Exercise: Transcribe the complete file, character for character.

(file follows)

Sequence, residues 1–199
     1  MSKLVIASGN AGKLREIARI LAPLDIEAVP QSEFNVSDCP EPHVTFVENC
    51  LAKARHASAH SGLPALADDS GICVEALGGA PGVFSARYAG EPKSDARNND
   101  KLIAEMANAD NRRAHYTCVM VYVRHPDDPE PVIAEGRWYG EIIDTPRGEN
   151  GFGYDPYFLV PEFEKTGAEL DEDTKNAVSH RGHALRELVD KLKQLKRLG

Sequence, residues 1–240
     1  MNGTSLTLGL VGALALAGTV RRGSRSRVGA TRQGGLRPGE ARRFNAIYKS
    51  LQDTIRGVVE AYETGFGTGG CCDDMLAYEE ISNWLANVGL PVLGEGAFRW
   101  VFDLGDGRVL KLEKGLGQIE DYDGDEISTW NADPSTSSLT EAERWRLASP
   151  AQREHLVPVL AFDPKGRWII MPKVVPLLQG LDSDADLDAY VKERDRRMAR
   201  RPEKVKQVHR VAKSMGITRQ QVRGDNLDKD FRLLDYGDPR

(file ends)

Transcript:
Sequence, residues 1–199
     1  MSKLVIASGN AGKLREIARI LAPLDIEAVP QSEFNVSDCP EPHVTFVENC
    51  LAKARHASAH SGLPALADDS GICVEALGGA PGVFSARYAG EPKSDARNND
   101  KLIAEMANAD NRRAHYTCVM VYVRHPDDPE PVIAEGRWYG EIIDTPRGEN
   151  GFGYDPYFLV PEFEKTGAEL DEDTKNAVSH RGHALRELVD KLKQLKRLG

Sequence, residues 1–240
     1  MNGTSLTLGL VGALALAGTV RRGSRSRVGA TRQGGLRPGE ARRFNAIYKS
    51  LQDTIRGVVE AYETGFGTGG CCDDMLAYEE ISNWLANVGL PVLGEGAFRW
   101  VFDLGDGRVL KLEKGLGQIE DYDGDEISTW NADPSTSSLT EAERWRLASP
   151  AQREHLVPVL AFDPKGRWII MPKVVPLLQG LDSDADLDAY VKERDRRMAR
   201  RPEKVKQVHR VAKSMGITRQ QVRGDNLDKD FRLLDYGDPR